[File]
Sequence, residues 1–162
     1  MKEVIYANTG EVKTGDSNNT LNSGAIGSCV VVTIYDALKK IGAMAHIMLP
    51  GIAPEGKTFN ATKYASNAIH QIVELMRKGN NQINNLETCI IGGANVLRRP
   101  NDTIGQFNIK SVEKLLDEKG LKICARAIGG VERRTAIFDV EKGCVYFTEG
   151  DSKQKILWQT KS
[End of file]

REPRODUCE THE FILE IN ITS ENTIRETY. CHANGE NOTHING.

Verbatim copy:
Sequence, residues 1–162
     1  MKEVIYANTG EVKTGDSNNT LNSGAIGSCV VVTIYDALKK IGAMAHIMLP
    51  GIAPEGKTFN ATKYASNAIH QIVELMRKGN NQINNLETCI IGGANVLRRP
   101  NDTIGQFNIK SVEKLLDEKG LKICARAIGG VERRTAIFDV EKGCVYFTEG
   151  DSKQKILWQT KS